This week the U.S. Department of Justice (DOJ) and Netcracker Technology Corporation (NTC) announced that they had settled charges that NTC had violated U.S. controls on foreign access to sensitive data. The settlement underscores many of the export control and related compliance risks surrounding the provision and use of cloud computing services and global networks. At the same time, the Enhanced Security Plan issued by NTC and DOJ as part of the settlement provides a helpful set of benchmarks and best practices for companies that may be considering the use of cloud services and network infrastructure to house and transmit their most sensitive data.
According to DOJ’s settlement announcement, NTC had worked as a subcontractor on two federal government contracts with the Defense Information Systems Agency (DISA), a combat support agency of the U.S. Department of Defense (DoD), and performed some product support work from locations outside the United States, including Russia. DOJ alleged that by failing to maintain adequate controls on the cloud and network infrastructure supporting these contracts, NTC had threatened the security of sensitive data about individuals, DoD projects, networks and critical U.S. domestic communications infrastructure. DOJ further asserted that uncleared NTC foreign national employees in Russia and Ukraine worked on the DISA projects and were aware of the sensitive nature of the projects and the data stored and transmitted through the network managed by DISA.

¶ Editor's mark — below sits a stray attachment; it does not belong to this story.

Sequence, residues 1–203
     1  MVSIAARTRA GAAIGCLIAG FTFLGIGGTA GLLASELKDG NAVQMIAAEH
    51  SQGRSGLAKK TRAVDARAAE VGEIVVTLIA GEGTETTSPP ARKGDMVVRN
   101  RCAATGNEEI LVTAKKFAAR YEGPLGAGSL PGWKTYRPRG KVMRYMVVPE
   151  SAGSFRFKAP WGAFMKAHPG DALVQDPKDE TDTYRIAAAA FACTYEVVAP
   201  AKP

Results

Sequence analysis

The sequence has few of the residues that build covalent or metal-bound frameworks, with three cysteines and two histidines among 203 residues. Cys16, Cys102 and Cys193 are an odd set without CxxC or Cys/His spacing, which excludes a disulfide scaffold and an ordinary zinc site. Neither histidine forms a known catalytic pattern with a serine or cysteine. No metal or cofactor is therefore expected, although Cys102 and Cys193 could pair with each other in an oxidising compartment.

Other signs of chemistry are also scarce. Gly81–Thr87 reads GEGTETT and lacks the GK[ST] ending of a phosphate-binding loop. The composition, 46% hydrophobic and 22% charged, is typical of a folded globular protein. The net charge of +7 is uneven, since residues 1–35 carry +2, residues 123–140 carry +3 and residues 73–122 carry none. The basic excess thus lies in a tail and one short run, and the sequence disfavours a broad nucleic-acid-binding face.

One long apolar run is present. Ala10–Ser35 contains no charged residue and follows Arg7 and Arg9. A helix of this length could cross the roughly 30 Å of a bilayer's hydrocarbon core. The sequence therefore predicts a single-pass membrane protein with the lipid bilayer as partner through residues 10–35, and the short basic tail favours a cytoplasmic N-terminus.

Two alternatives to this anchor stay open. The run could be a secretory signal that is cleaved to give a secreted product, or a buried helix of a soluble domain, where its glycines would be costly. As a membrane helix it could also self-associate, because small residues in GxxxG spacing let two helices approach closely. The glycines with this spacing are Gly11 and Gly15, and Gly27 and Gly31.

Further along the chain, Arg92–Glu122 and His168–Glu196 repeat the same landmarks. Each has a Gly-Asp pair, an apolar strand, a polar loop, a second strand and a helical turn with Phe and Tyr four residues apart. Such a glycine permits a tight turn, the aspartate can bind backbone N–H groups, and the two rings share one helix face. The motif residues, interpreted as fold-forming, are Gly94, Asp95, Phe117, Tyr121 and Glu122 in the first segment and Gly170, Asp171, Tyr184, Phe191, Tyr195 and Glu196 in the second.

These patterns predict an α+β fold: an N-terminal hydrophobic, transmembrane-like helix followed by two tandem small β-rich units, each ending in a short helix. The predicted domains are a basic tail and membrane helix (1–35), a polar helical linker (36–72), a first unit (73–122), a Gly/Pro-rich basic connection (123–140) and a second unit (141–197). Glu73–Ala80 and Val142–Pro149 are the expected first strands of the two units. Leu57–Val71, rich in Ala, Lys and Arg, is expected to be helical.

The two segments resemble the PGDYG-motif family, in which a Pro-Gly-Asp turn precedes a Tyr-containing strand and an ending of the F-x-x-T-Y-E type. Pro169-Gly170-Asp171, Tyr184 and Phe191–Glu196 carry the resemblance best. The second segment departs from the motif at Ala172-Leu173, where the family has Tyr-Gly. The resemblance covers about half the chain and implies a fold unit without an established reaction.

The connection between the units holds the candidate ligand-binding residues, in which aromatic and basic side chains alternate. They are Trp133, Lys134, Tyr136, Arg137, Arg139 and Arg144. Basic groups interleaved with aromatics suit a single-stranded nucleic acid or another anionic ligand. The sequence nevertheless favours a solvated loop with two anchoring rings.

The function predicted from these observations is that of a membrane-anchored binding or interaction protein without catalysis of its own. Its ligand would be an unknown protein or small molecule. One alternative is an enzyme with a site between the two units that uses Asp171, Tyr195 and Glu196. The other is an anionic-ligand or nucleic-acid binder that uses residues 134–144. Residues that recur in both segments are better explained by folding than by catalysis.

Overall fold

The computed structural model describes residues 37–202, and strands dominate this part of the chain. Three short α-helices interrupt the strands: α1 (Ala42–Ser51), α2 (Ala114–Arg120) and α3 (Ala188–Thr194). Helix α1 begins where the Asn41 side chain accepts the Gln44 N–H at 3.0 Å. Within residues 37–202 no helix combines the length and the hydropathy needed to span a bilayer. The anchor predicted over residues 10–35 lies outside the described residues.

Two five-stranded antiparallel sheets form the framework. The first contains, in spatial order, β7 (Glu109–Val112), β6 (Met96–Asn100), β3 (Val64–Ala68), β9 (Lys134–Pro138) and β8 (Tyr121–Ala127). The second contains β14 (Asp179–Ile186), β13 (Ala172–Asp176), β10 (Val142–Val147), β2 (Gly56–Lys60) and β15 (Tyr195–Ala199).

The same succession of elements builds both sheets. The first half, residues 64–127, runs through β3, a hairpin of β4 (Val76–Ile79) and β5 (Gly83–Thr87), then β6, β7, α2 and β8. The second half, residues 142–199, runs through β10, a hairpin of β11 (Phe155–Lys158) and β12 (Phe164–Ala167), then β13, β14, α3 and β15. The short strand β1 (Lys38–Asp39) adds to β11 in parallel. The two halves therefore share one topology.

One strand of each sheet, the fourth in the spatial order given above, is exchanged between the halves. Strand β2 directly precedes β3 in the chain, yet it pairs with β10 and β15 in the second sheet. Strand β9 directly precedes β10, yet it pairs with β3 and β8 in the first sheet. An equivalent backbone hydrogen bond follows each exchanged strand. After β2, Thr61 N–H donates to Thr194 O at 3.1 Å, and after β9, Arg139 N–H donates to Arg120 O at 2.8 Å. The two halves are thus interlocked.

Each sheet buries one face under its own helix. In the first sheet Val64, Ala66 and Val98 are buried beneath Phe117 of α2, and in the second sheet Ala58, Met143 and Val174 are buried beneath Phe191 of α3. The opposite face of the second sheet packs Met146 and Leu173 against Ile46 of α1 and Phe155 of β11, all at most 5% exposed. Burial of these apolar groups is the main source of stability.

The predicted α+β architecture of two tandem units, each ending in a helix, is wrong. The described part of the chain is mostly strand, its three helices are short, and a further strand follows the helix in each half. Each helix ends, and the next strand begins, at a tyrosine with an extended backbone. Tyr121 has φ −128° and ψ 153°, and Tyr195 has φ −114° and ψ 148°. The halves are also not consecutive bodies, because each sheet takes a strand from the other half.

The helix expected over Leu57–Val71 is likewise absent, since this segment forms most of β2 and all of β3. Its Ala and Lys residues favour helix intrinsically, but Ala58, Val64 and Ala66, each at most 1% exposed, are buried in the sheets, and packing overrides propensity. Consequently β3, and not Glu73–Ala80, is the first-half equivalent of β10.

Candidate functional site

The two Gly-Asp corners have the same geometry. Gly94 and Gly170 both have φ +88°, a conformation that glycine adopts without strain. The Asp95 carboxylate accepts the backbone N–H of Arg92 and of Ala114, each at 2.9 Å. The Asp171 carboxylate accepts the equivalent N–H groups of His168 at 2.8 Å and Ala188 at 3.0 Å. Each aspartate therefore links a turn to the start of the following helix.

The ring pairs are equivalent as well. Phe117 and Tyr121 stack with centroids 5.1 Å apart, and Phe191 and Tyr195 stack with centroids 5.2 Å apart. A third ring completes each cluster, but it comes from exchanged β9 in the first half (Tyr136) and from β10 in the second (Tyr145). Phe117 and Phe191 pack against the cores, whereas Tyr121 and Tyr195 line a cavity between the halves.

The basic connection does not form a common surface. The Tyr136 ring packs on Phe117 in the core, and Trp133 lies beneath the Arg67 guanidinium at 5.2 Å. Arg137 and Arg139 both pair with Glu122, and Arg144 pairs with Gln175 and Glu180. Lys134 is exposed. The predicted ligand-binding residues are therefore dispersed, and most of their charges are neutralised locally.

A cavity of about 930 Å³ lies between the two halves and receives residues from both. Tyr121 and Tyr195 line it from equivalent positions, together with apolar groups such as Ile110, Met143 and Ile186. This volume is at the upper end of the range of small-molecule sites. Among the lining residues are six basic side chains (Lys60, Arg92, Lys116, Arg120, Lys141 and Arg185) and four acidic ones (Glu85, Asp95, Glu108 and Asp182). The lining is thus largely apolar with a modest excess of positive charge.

It’s not news that various branches of the federal government have been studying a range of privacy and consumer safety issues that arise with ever more connected vehicles. What is new is the Government Accounting Office (GAO)’s report to the House Subcommittee on Research and Technology, Committee on Science, Space and Technology about how current passenger vehicle manufacturers address the many privacy issues that arise with connected vehicle use.
GAO interviewed industry associations and organizations that work on privacy issues and also interviewed 16 automakers that were selected based on their U.S. passenger vehicle sales. GAO reviewed the written privacy policies of the automakers against a set of leading privacy practices and issued a report, Vehicle Data Privacy: Industry and Federal Efforts Under Way but NHTSA Needs to Define its Role, on August 28, 2017.
With the House and Senate returning to Washington in September, two recently-introduced Senate bills seek to address perceived vulnerabilities in the security of Internet of Things (IoT) devices sold to the federal government and medical devices which regularly connect to the Internet.
Among the key takeaways in the legislation:
- Legislation covers both products sold to the federal government and medical devices;
- Legislation addresses “life of device” obligations of IoT device manufacturers;
- Disclosure and Certification Requirements could create additional liability for manufacturers of Internet of Things devices.